Port: Steady as she goes

Not one to rest on his laurels, Bridge has also unveiled a 430th anniversary celebration edition of Croft, which is said to commemorate the port house’s establishment in 1588 and the “rich history of the oldest port company in operation”.

The Symingtons are no slouches on this front. Symington reports its Graham’s 20 Year Old was up 33% on a year-to-date basis, which he says is down to the clear glass bottle and adds that 4.5-litre formats are raising its profile in bars, providing “visibility and theatre when served”.

Descamps says: “The port category is really well adapted to the duty free market and with Porto Cruz we have strong ambitions to continue developing this channel. In fact, we are already present, for instance, in duty free in Porto, Lisbon and Kuala Lumpur with some dedicated offers such as a miniature set of 37.5cl bottles. Duty free also represents a nice opportunity to value our port expertise through premium references such as Gran Cruz aged port, Colheitas or Vintages.”


Symington says the future is: “Very positive. Port exports, particularly at the premium end, are very healthy. Quality has never been as high as it currently is. We have just finished one of the most successful vintage port en primeur campaigns of all time. We declared our 2016 vintage ports in April this year and we were entirely sold out by the end of July.

“Coupled to this vintage port is performing very well on the secondary market. For example, Dow’s 2011 vintage port was trading on the secondary market (Livex) at £450 per case in 2013 (declaration year) and is now at £1,500 per case.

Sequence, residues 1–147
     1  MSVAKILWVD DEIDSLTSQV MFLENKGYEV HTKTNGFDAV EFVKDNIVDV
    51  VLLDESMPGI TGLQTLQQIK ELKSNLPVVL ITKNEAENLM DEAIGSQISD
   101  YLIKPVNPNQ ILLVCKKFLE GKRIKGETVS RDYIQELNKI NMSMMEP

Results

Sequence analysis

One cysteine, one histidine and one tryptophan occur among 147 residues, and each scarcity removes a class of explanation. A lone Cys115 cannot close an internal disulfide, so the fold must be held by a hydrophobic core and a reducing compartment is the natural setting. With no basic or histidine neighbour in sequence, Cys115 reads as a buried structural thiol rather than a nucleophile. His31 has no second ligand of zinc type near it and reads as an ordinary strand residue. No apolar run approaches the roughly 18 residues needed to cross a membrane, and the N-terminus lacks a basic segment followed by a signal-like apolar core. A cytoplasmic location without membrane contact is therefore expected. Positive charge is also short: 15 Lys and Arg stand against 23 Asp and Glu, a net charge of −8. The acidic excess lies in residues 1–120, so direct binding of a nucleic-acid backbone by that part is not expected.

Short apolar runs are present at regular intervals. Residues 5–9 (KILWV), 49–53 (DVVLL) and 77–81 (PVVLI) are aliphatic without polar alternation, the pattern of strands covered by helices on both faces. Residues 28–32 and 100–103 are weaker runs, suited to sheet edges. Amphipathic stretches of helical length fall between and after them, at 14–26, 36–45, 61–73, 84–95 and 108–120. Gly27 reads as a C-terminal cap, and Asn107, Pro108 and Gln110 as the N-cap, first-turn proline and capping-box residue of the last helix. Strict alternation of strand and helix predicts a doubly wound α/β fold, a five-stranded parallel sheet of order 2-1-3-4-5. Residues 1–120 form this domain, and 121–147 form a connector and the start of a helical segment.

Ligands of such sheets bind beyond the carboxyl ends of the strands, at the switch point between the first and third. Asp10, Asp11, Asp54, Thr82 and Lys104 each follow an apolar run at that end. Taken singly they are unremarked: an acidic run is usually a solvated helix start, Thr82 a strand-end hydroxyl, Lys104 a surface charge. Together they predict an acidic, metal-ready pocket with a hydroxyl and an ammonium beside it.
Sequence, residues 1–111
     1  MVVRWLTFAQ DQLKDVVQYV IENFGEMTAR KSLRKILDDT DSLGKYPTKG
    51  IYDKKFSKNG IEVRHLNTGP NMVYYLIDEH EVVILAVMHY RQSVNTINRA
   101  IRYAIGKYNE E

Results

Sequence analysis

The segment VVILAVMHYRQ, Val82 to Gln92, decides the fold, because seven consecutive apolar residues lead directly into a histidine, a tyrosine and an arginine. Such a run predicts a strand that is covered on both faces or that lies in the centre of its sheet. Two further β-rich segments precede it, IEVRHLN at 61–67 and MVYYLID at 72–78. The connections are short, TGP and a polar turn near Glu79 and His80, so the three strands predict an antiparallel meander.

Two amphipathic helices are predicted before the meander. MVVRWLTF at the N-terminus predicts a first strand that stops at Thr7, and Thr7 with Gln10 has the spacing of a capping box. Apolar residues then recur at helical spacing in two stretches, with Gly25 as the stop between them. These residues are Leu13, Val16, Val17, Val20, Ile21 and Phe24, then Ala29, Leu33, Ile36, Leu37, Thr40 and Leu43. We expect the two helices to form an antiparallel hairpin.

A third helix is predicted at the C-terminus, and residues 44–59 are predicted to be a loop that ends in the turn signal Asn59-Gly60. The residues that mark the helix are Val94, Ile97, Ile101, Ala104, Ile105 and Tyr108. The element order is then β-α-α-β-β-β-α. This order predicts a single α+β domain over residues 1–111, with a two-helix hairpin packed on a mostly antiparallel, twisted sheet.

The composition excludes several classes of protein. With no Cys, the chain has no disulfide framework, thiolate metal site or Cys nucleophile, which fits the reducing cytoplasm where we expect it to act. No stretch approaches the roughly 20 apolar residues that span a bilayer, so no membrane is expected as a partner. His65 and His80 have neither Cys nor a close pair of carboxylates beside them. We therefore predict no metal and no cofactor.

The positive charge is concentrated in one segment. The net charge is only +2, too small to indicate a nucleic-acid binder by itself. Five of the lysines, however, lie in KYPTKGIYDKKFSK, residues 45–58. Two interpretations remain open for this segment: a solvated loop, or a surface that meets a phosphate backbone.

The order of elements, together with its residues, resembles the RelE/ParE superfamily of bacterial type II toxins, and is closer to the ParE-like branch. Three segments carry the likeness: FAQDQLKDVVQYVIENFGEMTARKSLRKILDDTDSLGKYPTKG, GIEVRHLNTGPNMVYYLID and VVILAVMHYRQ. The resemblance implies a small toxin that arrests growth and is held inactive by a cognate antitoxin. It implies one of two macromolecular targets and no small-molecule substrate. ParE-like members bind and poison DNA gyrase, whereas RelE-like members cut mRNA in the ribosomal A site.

“Additionally we are working hard to bring port to a wider market, introducing younger drinkers to this incredibly varied drink, ranging from white port and fine tawny which can be mixed with tonics or cocktails, through to LBV, aged tawnies and, of course, vintage ports. There is something for all palates and appetites within the category which no other style of wine can offer,” concludes Symington.

The UK is a premium port market, so, from a British perspective, Hawes says: “I feel it is a mistake to describe a reliably strong Christmas sales performance as a ‘curse’. It is more a core strength that can be built upon. What it means is that port penetrates a very high proportion of all UK households over the festive period, either as a purchase or being received as a gift.

“Perhaps the underlying issue is that port remains an impulse purchase for most of the rest of the year, Our challenge is to extend its usage repertoire and this can be done. For example, Taylor’s LBV is perhaps the perfect pairing with dark chocolate. A lightly chilled aged tawny is perfect with a summer barbecue. A white port & tonic is a refreshing and lower alcohol alternative to a G&T,” Hawes says.

Descamps sums up: “We are conscious that we have to take care of people’s affinities. Mature markets such as France, Portugal and Germany are used to drinking tawny ports, whereas the Netherlands, Belgium and the UK are more used to consuming ruby ports. Some countries are more familiar with classic references, as in France or Belgium, whereas in the US, Canada or Denmark they are used to enjoying premium-to-rare ports.

“Already renowned as an aperitif or an after-dinner drink, port can be as well appreciated for tasting or in a cocktail, in food pairing. The tourist boom in Portugal also represents a positive aspect that makes us confident in our choices,” concludes Descamps.